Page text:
By Mark A. Taylor
Some readers will remember Paul Williams’s wry column (March 2 issue) that mentioned his friend who always saw both sides of an issue. “On the Other Hand” was Paul’s title and the mantra of the friend he mentioned.
“I am drawn to reflective people,” Paul wrote. “They know what they don’t know and are not inclined to speak until they thoroughly understand an issue.”
Actually, I would have been pleased for Paul to tell you I’m the friend he described. But maybe what followed the above sentences is the reason he didn’t mention my name. (It’s bad form to criticize a colleague in print!)
Of these reflective people, he wrote, “Too often they are inclined never to speak at all. ‘Too much uncertainty,’ they say. It’s hard to change the world that way.”
I thought of Paul’s column after a conversation at the North American Christian Convention this summer. Someone came up to me and said, “I know how you feel about women in leadership.”
“How do you know that?” I said as I thought, I’m not sure myself what I believe about women in leadership!
“Because of what you’ve printed,” he replied.
I didn’t press him to produce examples, but I’m pretty sure he’ll change his mind after reading this week’s issue. And next week’s.
All our feature articles in these issues address the question of women in church leadership. All of them examine Scripture, some of them the same Scriptures. These writers all believe the Bible and agree it should drive our decisions. All of them are immersed believers, members of Christian churches or churches of Christ. Each of them is a careful student; next week’s authors all teach in Christian colleges.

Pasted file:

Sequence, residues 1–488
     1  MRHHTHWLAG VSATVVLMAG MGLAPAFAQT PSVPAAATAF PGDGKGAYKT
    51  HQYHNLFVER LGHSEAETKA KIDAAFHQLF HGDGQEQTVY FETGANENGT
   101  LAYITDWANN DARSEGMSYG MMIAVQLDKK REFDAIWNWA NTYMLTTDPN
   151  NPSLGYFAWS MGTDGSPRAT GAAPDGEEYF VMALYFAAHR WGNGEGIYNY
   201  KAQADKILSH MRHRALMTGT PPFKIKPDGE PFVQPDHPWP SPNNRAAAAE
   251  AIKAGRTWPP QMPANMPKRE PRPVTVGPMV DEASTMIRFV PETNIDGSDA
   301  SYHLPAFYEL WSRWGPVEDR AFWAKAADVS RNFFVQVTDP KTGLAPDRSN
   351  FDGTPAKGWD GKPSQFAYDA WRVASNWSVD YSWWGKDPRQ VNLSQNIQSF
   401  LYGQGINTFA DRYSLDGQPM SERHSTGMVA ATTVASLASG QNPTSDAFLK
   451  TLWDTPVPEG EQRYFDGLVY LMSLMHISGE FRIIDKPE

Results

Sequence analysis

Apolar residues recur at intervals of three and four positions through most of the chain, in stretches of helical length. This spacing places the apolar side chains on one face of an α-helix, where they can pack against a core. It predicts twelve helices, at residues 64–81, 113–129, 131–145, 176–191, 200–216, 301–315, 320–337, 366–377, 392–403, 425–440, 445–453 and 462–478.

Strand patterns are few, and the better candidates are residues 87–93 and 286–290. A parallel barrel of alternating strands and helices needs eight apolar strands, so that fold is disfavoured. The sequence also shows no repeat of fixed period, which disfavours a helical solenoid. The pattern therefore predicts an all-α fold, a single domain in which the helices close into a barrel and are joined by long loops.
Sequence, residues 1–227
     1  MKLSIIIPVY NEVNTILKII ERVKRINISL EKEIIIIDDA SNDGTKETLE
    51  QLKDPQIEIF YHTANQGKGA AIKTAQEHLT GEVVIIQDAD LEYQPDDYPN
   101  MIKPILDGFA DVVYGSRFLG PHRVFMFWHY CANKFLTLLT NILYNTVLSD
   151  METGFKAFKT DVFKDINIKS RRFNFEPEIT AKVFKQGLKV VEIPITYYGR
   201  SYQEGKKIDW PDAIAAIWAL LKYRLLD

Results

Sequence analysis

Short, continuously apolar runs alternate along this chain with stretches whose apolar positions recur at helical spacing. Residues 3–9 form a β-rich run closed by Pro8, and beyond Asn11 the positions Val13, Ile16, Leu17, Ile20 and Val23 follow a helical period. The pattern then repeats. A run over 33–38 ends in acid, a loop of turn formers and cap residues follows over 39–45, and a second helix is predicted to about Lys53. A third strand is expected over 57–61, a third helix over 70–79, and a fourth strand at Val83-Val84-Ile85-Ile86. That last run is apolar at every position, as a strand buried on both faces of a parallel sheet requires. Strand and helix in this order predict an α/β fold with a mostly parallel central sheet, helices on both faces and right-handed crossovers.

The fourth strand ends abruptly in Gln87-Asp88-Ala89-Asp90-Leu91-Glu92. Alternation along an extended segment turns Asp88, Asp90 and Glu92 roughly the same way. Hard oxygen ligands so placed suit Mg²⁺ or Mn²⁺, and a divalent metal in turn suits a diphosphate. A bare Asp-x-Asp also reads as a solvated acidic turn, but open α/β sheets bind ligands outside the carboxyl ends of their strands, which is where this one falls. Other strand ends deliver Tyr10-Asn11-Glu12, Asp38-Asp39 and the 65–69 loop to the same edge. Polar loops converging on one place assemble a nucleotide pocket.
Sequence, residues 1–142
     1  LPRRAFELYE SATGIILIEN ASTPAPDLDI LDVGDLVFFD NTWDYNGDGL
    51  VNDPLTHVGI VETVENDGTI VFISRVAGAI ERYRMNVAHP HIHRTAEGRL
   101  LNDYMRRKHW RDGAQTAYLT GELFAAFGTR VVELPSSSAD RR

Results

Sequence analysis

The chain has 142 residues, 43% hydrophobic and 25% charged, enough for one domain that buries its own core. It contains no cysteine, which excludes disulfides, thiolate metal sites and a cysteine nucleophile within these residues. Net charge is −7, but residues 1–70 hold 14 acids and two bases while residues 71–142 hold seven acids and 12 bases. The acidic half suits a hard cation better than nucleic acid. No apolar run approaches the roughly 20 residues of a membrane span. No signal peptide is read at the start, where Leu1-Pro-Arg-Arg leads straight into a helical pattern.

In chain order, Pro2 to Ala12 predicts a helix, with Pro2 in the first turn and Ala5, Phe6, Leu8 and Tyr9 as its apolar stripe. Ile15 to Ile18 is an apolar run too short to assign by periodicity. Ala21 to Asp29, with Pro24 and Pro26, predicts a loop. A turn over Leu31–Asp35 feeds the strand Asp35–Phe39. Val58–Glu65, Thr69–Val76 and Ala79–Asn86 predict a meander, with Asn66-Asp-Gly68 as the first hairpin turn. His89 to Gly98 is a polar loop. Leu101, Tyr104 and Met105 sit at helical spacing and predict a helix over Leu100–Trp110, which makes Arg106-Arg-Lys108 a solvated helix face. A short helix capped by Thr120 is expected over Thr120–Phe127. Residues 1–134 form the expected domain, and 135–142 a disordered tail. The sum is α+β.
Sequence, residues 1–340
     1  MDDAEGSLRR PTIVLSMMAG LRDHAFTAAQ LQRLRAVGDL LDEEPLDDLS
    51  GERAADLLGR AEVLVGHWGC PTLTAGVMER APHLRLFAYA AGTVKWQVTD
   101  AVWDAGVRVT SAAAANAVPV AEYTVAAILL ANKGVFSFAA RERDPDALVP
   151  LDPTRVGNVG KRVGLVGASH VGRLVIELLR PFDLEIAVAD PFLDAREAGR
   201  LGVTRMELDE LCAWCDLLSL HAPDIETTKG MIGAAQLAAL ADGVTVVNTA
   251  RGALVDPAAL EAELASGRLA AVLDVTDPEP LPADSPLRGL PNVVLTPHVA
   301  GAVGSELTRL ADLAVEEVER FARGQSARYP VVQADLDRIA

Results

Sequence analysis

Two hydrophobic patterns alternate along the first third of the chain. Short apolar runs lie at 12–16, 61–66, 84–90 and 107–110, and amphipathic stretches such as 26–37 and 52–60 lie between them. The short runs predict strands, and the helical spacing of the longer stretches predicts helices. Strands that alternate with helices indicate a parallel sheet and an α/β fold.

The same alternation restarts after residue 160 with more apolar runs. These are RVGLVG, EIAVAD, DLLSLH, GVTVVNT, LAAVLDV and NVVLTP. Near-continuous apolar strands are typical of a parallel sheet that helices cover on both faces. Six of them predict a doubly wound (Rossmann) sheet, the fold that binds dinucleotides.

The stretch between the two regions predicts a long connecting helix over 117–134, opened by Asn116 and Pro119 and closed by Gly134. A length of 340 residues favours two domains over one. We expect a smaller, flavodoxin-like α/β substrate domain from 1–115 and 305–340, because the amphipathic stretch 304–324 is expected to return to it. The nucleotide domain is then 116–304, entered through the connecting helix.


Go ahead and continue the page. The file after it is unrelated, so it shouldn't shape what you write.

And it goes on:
And yet they couldn’t be more disagreed on this issue. It’s a paradise for the “on the other hand” crowd.
But those convinced of their position on this question may not be happy with these articles. They’ll find plenty of “error” to criticize here. Some will wish we had taken a stronger stand.
But taking a strong stand is exactly what we have done by publishing these varying perspectives. It’s a stand upheld throughout the generations of our movement’s history: “In opinions, liberty.” Sometimes that must even include liberty to allow a different opinion about what’s an opinion!
By agreeing on that principle, we can, as Paul Williams wishes, “change the world.” We can work together to help the hurting and share the gospel and grow the church regardless of how we may disagree about women in leadership. We can do this, if we will.
And we must. There’s no “on the other hand” to that conclusion.